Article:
Good luck on your next(ablation) attempt, I hope it meets with success, but even if it doesn't despite the discomfort you can look forward to long life.
Look like one the biggest risks now is being in the wrong place at the wrong time.
I just saw my cardio. She was great, lots of info. She told me she does think there is a correlation between dips in hormones and PVCs for "some" women. She treats more than a few of them. She told me my GP should not have told me I would drop dead from NVST. I did have one run of 11, and no other PVCs during the 24 hr test. She told me that the Atenolol should help if I get anymore, but I will get a cardiolite stress exam as well. She told me women can have normal regualr stress tests, but to be accurate I need the dye in me to see if there is any chance of CVD. My echo showed my heart pumps strongly which takes away another risk factor. She has ordered a holter during my next cycle (sorry guys) as she thinks there is a correlation. She also told me that because I seem to get PVCs only during that time that she feels that lowers my risk from anything happening with NVST. I hope she's right. Thanks to everyone who gave input, I'll take the 25 mg of Atenolol and hope for the best.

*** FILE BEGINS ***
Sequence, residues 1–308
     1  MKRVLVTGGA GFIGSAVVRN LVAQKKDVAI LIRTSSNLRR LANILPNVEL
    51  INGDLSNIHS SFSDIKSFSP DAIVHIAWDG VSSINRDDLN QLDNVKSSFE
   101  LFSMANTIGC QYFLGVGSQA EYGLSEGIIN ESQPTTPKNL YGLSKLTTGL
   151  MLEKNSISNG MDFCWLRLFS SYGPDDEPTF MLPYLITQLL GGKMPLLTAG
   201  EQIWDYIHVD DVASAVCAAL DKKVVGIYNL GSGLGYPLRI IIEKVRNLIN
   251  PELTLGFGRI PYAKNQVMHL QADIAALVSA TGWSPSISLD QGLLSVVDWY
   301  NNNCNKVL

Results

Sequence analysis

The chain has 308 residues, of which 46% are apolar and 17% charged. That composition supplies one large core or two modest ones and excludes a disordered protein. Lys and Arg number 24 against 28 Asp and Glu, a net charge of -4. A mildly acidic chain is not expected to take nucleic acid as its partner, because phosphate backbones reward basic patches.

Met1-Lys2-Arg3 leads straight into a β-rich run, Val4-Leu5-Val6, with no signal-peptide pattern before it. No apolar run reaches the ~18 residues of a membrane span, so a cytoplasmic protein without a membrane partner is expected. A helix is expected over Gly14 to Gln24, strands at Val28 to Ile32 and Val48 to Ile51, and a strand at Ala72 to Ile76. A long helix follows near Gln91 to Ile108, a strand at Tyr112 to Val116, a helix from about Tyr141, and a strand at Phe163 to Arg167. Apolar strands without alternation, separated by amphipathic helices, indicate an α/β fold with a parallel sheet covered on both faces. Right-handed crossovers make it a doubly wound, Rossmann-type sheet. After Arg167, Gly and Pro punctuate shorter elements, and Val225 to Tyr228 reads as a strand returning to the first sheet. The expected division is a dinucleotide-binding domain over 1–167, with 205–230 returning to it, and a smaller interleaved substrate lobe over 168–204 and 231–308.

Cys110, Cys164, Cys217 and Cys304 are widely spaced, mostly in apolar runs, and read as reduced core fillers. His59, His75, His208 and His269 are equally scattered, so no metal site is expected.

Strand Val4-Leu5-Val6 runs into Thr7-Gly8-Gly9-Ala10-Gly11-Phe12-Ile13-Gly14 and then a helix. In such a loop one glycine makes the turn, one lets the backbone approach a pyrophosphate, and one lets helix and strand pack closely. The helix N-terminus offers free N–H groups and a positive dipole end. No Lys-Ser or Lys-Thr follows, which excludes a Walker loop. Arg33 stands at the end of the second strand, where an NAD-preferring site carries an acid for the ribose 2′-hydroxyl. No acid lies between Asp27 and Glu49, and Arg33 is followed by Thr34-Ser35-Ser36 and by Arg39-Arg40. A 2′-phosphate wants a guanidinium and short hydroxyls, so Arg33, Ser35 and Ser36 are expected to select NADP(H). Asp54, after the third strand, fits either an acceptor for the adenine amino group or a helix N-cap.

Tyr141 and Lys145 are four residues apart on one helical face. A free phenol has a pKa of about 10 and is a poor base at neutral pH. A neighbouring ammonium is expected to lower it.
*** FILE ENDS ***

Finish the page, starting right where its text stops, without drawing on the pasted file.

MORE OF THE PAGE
Hi I think you need to find out why you "failed" your stress tests. Your heart cath ruled out CAD so why did you fail? If it was an arrthymia what type? Why are you taking the meds your on? Why is one Doc more concerned than another?What's the game plan your docs have in mind? Good Luck
Thank you for your feedback. Yes, both my mother and father were born in Italy. I'm starting to brush up on ARVD and Emory (I'm in Atlanta)has a study on it.I've noted the RN at Emory already. Once someone can convince me there is nothing structurally wrong with me, I'll be happy to live with palpitations!I'll let you know what happens next.....tks again.
Hi! just wondering if the nsvt felt like very weak beats and the svt felt like a sinus tach? When i felt what i think was the nsvt, i had a couple of pvc's then a pause then what felt like 6 or 7 pvc's in a row. thanks so much.
I can say that my short run of SVT is more of an annoyance than anything. The short run of what may be VT feels distinctively different. Mine starts with a light twinge of pain, immediately followed by several very uncomfortable beats, and a delayed wave of vertigo...